By Ray Bennett
LONDON – As “Back to the Future” marks its 30th anniversary, here’s a version of a story I wrote in 1985 for the Los Angeles Herald Examiner.
In 1984, Canadian actor Michael J. Fox (pictured with Christopher Lloyd) was starring in a struggling US TV sitcom titled “Family Ties” and taking what movie roles he could get including a cheap exploitation picture called “Teen Wolf”.
He was busy on that film on a street in Los Angeles when some location scouts came by to check out the same place. Fox told me back then: “We’re in the trenches, so to speak, trying to knock out this very low-budget movie, trying to do the best we can, and here are these guys from some big Steven Spielberg and Robert Zemeckis film. We’re all sitting around with big saucer eyes, going ‘Jeez, wouldn’t it be nice … ’”
Suddenly, everything changed. Half-hour comedies were not big on US TV in those days, so few expected that “The Cosby Show” would rocket to No. 1 and turn the industry around. NBC scheduled it on Thursday evenings ahead of “Family Ties” and after two seasons, Fox’s show turned into a massive hit.
Spielberg and Zemeckis began to make their big film, a futuristic comedy about the past called “Back to the Future” with Eric Stolz as boyish time-traveller Marty McFly.
Stolz had become a star opposite Cher in “The Mask” but Zemeckis told me that he came to the awful realisation that “I had made a very serious casting error”. He faced what he said was “the worst possible disaster outside of having an actor die”.
The young actor told me, “Gary said, ‘I’ve been looking for you all over.’ I thought he wanted to talk about another project we’d been kicking around. I got up to his office and he handed me a script: ‘Back to the Future’. He said, ‘I just got a call from Steven Spielberg. They want you to start Monday. I said, ‘Wait a minute, they’ve already got a guy.’ Gary explained that they had creative differences — which is all I’ve ever known about that — and they wanted me. I said, ‘No, no way. I don’t want to do it.’”
Of course he didn’t. In the middle of the night, he phoned Goldberg: “You’ve gotta phone Spielberg. Don’t let him change his mind.” On the Monday, after a full day on “Family Ties”, Fox reported for work on “Back to the Future”.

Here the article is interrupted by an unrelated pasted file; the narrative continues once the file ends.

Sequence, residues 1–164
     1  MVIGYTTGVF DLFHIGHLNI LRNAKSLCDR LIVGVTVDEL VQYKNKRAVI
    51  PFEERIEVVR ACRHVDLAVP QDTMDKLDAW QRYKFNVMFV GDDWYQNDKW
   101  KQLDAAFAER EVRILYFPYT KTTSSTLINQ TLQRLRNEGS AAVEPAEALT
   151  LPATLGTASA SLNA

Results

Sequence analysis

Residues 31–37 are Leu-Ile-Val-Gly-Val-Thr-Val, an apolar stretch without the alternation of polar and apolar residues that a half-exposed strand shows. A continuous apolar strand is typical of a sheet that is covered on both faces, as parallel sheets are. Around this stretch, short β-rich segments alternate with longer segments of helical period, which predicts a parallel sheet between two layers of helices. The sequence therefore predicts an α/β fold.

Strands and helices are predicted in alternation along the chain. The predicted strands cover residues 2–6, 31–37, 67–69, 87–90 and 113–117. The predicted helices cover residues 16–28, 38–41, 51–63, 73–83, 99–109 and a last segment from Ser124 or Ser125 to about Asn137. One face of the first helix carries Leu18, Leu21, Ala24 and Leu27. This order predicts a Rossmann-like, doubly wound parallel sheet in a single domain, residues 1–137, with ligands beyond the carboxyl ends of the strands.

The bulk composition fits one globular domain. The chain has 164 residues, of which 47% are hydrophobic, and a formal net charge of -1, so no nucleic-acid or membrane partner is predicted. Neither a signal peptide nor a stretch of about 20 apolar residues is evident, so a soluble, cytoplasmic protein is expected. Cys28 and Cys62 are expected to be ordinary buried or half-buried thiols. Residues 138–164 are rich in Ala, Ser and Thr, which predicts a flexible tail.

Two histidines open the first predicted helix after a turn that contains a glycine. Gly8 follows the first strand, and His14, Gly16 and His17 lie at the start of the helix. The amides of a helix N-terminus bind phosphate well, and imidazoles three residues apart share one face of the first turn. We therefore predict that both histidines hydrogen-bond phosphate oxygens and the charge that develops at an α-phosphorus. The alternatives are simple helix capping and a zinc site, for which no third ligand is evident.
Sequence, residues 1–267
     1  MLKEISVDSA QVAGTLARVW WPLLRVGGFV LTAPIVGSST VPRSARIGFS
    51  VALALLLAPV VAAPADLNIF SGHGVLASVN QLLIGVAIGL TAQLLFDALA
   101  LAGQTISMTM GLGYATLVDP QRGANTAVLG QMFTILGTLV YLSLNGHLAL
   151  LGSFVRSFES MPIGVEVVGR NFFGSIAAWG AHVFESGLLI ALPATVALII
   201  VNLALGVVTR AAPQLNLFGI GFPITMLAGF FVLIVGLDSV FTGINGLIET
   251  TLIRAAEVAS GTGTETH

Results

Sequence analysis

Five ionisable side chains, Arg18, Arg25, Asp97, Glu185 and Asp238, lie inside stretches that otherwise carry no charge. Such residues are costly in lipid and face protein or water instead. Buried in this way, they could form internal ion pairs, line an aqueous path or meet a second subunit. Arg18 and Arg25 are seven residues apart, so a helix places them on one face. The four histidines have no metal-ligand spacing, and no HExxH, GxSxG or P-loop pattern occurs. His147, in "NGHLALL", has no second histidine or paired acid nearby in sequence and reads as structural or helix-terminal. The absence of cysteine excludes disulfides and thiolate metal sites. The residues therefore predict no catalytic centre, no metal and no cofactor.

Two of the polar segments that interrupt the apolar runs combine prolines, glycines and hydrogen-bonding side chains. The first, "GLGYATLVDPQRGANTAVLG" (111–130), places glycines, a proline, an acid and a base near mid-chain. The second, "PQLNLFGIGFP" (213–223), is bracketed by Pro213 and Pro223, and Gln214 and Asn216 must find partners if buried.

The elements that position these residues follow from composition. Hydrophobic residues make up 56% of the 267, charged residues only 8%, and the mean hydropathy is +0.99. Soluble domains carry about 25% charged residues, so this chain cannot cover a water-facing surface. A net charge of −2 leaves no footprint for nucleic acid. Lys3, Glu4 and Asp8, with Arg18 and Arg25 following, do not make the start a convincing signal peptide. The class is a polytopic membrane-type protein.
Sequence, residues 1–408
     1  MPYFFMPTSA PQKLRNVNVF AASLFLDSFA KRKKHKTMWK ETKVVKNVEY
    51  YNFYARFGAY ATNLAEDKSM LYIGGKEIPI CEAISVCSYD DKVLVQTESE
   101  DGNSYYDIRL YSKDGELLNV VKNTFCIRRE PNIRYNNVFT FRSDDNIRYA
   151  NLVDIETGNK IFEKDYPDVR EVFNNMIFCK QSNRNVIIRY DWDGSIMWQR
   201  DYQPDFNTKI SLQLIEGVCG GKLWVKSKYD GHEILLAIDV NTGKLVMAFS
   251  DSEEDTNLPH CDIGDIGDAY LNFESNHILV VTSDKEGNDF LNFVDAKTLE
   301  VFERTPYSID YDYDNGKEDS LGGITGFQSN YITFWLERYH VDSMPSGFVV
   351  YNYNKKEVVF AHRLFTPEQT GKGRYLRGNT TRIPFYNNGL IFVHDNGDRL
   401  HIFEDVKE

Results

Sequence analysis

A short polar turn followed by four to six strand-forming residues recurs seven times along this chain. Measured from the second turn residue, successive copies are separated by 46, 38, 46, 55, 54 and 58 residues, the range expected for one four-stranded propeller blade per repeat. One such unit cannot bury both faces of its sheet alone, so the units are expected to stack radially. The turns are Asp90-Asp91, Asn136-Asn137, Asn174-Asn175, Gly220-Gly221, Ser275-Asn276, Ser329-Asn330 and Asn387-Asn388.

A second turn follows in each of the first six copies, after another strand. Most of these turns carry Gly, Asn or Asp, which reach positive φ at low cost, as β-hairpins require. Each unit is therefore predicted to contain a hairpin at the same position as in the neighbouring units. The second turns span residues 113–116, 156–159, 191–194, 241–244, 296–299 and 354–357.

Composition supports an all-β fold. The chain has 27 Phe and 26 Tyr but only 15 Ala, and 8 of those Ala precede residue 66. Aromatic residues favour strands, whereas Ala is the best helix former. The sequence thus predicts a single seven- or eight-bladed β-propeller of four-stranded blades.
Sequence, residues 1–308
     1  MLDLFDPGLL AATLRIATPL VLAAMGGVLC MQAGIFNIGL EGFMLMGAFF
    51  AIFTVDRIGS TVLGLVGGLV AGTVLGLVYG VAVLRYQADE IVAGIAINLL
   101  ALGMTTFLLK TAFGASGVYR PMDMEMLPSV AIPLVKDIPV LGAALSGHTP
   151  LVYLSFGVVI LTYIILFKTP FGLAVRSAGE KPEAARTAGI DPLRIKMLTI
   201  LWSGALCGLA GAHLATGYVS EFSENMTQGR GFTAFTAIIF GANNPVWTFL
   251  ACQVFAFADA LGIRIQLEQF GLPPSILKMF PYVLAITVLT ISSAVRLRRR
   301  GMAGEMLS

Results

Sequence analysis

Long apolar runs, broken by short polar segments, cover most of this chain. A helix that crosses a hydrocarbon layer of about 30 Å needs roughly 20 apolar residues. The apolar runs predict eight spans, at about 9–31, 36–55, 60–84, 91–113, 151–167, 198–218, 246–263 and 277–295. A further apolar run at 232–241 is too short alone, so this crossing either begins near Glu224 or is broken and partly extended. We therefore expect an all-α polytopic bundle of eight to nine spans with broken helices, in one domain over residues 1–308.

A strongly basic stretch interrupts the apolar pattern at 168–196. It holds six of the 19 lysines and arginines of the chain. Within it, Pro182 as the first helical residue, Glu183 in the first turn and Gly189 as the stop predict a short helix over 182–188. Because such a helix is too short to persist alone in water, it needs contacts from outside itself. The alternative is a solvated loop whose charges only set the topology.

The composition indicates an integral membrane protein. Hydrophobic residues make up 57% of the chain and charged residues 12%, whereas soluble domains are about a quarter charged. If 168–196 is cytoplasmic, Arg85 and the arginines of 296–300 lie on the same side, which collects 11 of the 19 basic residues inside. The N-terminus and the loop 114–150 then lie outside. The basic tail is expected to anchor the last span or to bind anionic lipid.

It would be like that for seven weeks. By the end, Fox’s driver would practically tuck him in at night and arrive in the morning to throw him into the shower. “It got kind of surrealistic,” Fox admitted.
“Back To The Future” was a smash hit in 1985 and generated $381 million in theatres worldwide. The 1989 sequel took $331 million and the third one in 1990 made $245 million.
Fox went on to make pictures such as “Bright Lights, Big City” and “Casualties of War” and then returned to TV in 1996 in the hit series “Spin City”. In 1998, he announced he was suffering from Parkinson’s disease but he has continued his career on series including “Boston Legal”, “Rescue Me”, “The Michael J. Fox Show” and “The Good Wife”.
Back in 1985, Zemeckis said Fox’s energy and professionalism saved “Back yo the Future”. He called Fox “the Jimmy Cagney of the Eighties. We know he’s a TV star, but he turned in a wonderfully measured film performance —now he’s a movie star.”
Which pleased the youthful, 5ft 5inch actor no end. “If people say I remind them of Cagney or Mickey Rooney, obviously I’m very flattered. But I like it,” he said. “There are enough guys trying real hard to be Robert DeNiro or Al Pacino. I’ll be the guy who’s maybe like Cagney. I like that great line in ‘My Favourite Year’ when Peter O’Toole says, ‘I’m not an actor. I’m a movie star!’”
Universal Pictures has “Back to the Future” and its two sequels on Blu-ray Disc. The franchise made close to $1 billion at the box office.